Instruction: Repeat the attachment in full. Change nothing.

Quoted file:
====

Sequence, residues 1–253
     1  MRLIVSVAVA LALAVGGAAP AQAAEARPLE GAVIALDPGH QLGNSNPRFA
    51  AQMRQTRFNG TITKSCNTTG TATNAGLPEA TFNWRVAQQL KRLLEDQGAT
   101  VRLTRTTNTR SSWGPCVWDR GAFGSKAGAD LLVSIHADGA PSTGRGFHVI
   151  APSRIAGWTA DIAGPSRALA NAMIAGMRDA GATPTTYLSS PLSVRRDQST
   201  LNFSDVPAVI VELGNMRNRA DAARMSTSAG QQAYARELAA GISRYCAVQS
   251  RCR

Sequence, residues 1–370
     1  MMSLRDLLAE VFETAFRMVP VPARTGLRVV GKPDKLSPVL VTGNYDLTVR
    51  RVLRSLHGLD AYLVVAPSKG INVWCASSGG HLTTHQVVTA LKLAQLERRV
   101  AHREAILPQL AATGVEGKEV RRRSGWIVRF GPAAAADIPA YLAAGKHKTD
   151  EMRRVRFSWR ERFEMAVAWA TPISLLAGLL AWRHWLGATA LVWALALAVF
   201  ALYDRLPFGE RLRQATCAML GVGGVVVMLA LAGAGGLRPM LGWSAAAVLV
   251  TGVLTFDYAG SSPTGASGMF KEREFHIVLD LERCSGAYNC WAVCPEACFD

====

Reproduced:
Sequence, residues 1–253
     1  MRLIVSVAVA LALAVGGAAP AQAAEARPLE GAVIALDPGH QLGNSNPRFA
    51  AQMRQTRFNG TITKSCNTTG TATNAGLPEA TFNWRVAQQL KRLLEDQGAT
   101  VRLTRTTNTR SSWGPCVWDR GAFGSKAGAD LLVSIHADGA PSTGRGFHVI
   151  APSRIAGWTA DIAGPSRALA NAMIAGMRDA GATPTTYLSS PLSVRRDQST
   201  LNFSDVPAVI VELGNMRNRA DAARMSTSAG QQAYARELAA GISRYCAVQS
   251  RCR

Sequence, residues 1–370
     1  MMSLRDLLAE VFETAFRMVP VPARTGLRVV GKPDKLSPVL VTGNYDLTVR
    51  RVLRSLHGLD AYLVVAPSKG INVWCASSGG HLTTHQVVTA LKLAQLERRV
   101  AHREAILPQL AATGVEGKEV RRRSGWIVRF GPAAAADIPA YLAAGKHKTD
   151  EMRRVRFSWR ERFEMAVAWA TPISLLAGLL AWRHWLGATA LVWALALAVF
   201  ALYDRLPFGE RLRQATCAML GVGGVVVMLA LAGAGGLRPM LGWSAAAVLV
   251  TGVLTFDYAG SSPTGASGMF KEREFHIVLD LERCSGAYNC WAVCPEACFD